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Partex boss still bitter - "we decided not to invest more in Portugal, it's not worth it"

oilrig2The Partex president, António Costa e Silva, has confirmed that the oil company is abandoning its concessions off the Algarve coastline as it prepares to continue corporate life under a new owner, the Chinese CEFC group.
The Gulbenkian Foundation’s trustees decided to sell their fully-owned oil company as they pursue a policy of divestment from sunset industries to sunrise ones, leaving the new Chinese owners to extract wealth from the slowly dying oil sector.
António Costa e Silva said that Portugal has a "very erratic energy policy" and a "climate of hostility" towards companies, referring to the barrage of anti-oil protests levelled at Partex and its Spanish partner Repsol as it prepared to sink test wells in the gas fields to the south of Faro.
Costa e Silva said his company’s withdrawal from exploiting known gas reserves off the Algarve was due to public opinion and “what the mayors said,” referring to mayors’ group AMAL’s anti-oil and gas exploration stance.
Cutting short investments in the Algarve, Peniche and Alentejo fields cost Partex €25 million and António Costa e Silva said of the decision, "we decided not to invest more in Portugal, it's not worth it."
The Partex leader confirmed that the company will not contest the ending of the concession contracts for exploration and extraction of oil and gas in the Algarve, while remaining bitter at the government’s recent behaviour.
António Costa Silva said that Partex only put resources into the Algarve gas project as its management was impressed by the Pedro Passos Coelho coalition government in which minister Álvaro Santos Pereira was concerned with developing natural resources, realising the country needed a wave of reindustrialisation to create wealth and employment. Pereira did not last long and was replaced by Pires de Lima in a reshuffle.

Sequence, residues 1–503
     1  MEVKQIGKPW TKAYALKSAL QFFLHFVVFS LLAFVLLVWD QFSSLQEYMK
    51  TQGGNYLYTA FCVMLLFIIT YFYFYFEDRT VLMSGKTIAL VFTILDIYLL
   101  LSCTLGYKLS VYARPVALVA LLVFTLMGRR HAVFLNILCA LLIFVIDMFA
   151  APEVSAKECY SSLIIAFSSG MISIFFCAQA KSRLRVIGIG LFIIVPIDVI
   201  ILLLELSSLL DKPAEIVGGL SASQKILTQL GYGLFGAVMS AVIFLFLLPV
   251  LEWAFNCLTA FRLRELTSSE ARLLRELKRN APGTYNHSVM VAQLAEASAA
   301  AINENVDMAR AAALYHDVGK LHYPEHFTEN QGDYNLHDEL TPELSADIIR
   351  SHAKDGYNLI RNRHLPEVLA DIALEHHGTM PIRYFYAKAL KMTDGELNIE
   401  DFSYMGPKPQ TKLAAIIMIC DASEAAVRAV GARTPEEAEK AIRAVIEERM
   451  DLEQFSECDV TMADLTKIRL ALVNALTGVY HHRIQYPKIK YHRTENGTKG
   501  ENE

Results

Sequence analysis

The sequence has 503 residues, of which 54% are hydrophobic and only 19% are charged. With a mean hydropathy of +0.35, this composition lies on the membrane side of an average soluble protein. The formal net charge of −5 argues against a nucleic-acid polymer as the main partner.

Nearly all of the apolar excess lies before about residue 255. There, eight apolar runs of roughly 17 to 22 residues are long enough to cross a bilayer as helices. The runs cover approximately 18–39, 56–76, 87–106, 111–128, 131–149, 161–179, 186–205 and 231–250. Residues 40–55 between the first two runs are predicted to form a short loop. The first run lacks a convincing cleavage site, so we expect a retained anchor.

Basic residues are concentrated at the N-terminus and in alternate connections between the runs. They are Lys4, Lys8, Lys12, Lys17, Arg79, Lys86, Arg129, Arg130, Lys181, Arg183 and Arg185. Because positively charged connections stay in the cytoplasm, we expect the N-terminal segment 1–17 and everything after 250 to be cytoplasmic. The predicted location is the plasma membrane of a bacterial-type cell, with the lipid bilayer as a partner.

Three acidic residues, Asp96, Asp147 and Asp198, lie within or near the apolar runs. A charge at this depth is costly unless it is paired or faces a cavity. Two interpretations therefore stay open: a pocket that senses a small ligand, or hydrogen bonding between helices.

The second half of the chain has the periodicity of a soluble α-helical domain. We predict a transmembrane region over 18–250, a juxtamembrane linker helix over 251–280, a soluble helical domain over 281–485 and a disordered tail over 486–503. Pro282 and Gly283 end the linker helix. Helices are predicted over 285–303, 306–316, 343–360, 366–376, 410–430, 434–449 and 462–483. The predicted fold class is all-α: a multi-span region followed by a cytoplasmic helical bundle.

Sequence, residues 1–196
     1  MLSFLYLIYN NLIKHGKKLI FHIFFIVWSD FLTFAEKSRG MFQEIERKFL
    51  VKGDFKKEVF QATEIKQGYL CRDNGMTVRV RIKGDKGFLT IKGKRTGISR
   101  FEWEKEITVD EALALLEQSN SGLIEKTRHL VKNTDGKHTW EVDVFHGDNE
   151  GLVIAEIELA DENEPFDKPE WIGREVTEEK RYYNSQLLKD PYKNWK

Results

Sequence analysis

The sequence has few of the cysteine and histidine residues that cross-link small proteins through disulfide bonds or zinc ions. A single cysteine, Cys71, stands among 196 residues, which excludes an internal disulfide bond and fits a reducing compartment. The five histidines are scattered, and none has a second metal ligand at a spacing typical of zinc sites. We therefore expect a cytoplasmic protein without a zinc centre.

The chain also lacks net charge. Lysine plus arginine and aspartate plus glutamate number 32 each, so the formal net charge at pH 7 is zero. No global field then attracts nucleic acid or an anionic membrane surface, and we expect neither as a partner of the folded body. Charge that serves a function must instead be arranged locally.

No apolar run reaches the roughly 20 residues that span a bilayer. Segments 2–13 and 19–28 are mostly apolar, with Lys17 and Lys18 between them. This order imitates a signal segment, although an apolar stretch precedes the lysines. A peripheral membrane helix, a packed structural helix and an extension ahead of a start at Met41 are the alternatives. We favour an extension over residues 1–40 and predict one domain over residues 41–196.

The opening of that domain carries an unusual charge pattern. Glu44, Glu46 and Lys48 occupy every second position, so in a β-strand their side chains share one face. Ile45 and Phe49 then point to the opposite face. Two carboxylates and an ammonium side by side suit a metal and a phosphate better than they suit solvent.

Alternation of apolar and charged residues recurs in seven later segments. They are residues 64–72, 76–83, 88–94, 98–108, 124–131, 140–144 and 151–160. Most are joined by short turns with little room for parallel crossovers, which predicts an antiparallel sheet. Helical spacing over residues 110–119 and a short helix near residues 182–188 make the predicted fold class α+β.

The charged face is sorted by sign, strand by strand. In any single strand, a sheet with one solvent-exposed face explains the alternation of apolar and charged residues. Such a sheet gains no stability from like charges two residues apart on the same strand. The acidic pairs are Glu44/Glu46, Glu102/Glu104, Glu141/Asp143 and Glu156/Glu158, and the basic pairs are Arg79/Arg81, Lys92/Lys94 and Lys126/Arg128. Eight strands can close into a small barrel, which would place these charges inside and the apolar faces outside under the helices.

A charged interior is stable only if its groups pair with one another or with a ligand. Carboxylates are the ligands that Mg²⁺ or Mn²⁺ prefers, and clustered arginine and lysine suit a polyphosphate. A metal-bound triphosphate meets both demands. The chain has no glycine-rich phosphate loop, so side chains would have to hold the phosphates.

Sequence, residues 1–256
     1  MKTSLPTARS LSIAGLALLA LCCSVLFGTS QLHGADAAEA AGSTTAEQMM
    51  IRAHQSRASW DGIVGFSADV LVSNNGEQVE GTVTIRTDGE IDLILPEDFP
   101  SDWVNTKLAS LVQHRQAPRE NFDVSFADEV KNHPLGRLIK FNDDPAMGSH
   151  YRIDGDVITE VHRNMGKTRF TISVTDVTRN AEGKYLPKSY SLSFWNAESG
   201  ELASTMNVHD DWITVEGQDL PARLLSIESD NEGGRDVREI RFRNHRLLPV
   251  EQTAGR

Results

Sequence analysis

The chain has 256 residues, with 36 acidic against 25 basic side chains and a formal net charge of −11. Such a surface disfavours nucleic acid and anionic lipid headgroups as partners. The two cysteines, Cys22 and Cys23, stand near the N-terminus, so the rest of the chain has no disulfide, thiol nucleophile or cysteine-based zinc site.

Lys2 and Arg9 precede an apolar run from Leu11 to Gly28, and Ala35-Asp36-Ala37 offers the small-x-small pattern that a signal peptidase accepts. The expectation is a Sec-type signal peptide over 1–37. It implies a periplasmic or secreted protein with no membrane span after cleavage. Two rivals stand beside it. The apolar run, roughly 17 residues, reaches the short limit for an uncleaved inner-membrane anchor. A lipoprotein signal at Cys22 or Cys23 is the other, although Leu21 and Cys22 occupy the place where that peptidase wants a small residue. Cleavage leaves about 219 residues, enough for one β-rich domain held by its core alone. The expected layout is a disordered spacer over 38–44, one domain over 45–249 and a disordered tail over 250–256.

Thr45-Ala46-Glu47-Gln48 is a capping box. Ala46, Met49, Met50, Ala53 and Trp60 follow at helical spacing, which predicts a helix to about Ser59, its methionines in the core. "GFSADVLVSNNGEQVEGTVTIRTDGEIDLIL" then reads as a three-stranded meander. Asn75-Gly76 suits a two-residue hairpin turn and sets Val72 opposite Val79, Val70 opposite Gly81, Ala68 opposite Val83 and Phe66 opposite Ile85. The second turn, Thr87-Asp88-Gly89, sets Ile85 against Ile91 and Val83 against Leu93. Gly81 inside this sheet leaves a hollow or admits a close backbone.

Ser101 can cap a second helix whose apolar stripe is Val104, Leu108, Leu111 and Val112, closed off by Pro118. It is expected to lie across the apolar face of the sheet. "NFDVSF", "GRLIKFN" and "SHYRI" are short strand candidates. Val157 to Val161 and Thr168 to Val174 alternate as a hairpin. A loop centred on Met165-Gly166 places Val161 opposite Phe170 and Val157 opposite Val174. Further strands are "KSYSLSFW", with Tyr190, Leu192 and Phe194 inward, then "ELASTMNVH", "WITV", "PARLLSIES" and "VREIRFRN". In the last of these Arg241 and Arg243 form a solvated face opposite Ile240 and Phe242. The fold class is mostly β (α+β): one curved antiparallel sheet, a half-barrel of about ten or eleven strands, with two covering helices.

According to António Costa Silva, in the case of the Algarve, the offshore gas project was "plausible and executable" as seismic tests had shown.
"When the government changed (in 2015), it moved to the opposite cycle, which was to govern according to what local councils and public opinion says, without having a clear vision of the importance that the Algarve project could have," bleated António Costa Silva in an interview with Público.
Still unable to work out why Partex was not welcomed with open arms, Costa added, "a policy that harms companies and profits does not create friendly conditions for the investment and development of the country," failing to grasp that a policy that could harm the one industry that the Algarve has, tourism, is not politically or economically prudent.
In the interview with Público, António Costa e Silva also said that Partex will enter a "new cycle" with the sale to the Chinese group CEFC, which wants to "invest and transform it into a global platform" oriented to the Middle East, Central Asia and Portuguese-speaking countries.
The Gulbenkian Foundation’s assets have shrunk by 22% in the past ten years. In 2006, the fund had €2.767 billion of capital which should have reached
€3.149 billion by the end of 2016. However, it stood at €2.532 billion with an increase in liabilities of almost €500 million.
This downward trend is hardly a shock as these years include the depression, to which the Foundation’s portfolio of investments will not have been immune and anyway, says the Foundation, the start point of 2006 was an abnormally high one.
The Foundation should bank around €450 million from the sale of Partex, restoring credibility and cash to Portugal’s premier cultural and grant-making institution.


0 #2 dw 2018-02-14 22:58
Any credibility the Foundation has is purely financial.
0 #1 Maximillian 2018-02-14 16:23
I don't trust any of them. Let them sign for withdrawal!